P, sP1 ( 13.7) Equation 13.9 shows that the torque is directly
whence proportional to the active power transmitted to the ro-
tor. Thus, to develop a high locked-rotor torque, the
rotor must absorb a large amount of active power. The
P 111 = ( I s)Pr (13.8) latter is dissipated i n the form of heat, consequently.
The actual mechanical power available to drive the temperature of the rotor rises very rapidly.
the load is slightly less than P 111 due to the power
needed to overcome the windage and friction Example 13-5
losses. In most calculations we can neglect this A 3-phase i nduction motor havi ng a synchronous

small loss. speed of 1 200 r/min draws 80 kW from a 3-phase
mechanical electromagnetic ]
power output = I power transferred - losses speed of flux electromagnetic torque
P,. =
of rotor I to rotor in rotor 9.55

( i) P, = (iii)
but from Eq. 3.5 but the mechanical torque T"' m ut equal
rotor speed x mechani_cal t()_r_q_ue the electromagnetic torque T,,,,,,,.
9.55 Thus
( iv;
(i i) Suhstituti ng (ii ). (iii), and (iv) i n ( i ), we find
Also from Eq. 3.5 we can write Pi, sP,

feeder. The copper losses and iron losses i n the sta- e. The efficiency is
tor amou nt to 5 kW. If the motor ru ns at 1 1 52 r/mi n,
'I = P1.I Pc 70/80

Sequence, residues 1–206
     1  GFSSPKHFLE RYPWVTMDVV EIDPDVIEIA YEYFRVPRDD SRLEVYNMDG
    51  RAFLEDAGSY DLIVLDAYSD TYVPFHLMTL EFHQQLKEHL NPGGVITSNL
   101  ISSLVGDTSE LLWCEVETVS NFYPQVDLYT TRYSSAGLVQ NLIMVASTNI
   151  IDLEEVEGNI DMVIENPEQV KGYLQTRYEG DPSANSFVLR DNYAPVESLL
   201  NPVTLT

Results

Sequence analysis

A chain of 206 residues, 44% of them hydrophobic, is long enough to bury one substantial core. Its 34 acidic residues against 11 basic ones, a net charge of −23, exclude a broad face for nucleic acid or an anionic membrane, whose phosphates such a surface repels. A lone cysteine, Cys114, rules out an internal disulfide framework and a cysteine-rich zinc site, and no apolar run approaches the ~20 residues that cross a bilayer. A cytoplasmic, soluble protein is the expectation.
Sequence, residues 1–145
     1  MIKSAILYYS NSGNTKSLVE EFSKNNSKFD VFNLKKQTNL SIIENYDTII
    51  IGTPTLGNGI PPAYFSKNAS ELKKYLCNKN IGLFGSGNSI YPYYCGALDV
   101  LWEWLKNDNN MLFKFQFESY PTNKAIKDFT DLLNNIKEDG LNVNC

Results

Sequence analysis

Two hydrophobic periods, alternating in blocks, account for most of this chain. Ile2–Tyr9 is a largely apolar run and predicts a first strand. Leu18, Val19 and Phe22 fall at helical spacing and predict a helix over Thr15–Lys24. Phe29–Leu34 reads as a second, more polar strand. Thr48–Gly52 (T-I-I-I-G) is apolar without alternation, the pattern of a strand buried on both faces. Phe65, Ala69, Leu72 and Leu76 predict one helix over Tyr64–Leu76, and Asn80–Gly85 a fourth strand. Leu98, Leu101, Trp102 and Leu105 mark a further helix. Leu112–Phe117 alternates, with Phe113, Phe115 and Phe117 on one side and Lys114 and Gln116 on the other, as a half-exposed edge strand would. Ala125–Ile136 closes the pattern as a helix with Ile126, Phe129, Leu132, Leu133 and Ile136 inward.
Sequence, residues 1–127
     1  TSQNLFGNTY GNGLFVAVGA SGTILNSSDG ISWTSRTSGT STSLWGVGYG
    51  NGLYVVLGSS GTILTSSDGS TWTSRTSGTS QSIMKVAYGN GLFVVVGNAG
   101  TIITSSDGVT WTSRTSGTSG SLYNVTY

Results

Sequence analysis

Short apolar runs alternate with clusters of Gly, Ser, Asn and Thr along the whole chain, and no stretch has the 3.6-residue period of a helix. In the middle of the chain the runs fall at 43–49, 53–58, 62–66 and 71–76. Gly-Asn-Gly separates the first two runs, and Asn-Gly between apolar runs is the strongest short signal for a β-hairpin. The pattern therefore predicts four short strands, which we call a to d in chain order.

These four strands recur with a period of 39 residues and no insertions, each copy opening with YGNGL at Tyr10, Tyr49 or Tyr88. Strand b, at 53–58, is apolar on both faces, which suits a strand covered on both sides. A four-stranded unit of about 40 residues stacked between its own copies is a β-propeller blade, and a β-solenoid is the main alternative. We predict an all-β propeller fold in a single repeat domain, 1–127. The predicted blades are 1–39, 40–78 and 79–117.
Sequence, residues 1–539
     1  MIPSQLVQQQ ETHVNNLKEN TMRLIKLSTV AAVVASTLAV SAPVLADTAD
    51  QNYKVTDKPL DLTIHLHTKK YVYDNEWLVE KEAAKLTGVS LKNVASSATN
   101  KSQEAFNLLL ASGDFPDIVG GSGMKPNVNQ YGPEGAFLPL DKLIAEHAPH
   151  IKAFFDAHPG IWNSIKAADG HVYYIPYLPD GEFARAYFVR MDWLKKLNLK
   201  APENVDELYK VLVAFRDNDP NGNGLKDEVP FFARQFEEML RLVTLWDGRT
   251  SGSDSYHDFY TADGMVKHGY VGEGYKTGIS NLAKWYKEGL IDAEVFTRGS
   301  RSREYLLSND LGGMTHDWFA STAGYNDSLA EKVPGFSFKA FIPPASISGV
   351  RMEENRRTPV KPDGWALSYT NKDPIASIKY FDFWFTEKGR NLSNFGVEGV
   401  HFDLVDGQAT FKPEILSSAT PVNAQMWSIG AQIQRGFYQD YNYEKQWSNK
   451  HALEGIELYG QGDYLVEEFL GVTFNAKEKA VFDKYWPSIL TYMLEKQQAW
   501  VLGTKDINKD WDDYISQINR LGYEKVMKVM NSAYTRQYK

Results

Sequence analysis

calcu late the follm:v ing:
0.875 or 87.5k
a. The active power transmitted to the rotor
b. The rotor {'R losses Example 13-6
c. The mechan ical power developed
d. The mechan ical power del ivered to the load. A 3-phase. 8-pole sq u irrel-cage i nd uct ion motor.
k nowi ng that the wi ndage and frict ion losses connected to a 60 Hz l i ne. possesses a synchronous
are equal to 2 kW speed of 900 r/mi n. The motor absorbs 40 kW. and
e. The efficiency of the motor the copper and iron losses i n t he stator amou nt to
5 kW and I kW. respecti vely. Calculate the wrque
developed by the motor.
a. Acti ve power to the rotor is
Sol//f ion
P,. = pc - Pi , - Pr
The power transrn illed across the air gap to the rotor is
80 5 = 75 kW
P, Pc - Pi, - Pr
b. The sl i p is
= 40 - 5 I = 34 kW
T111 9.55 P.Jn, ( 1 3.9)
s = (11, - 11 )/11,
= 9.55 x 34 000/900
( 1200 - 1 152)/1200
361 Nm
= 48/ 1200 = 0.04
Note that the solution to t his problem ( the
Rotor ( R losses arc
torque) is i ndependent of the speed of rotation. The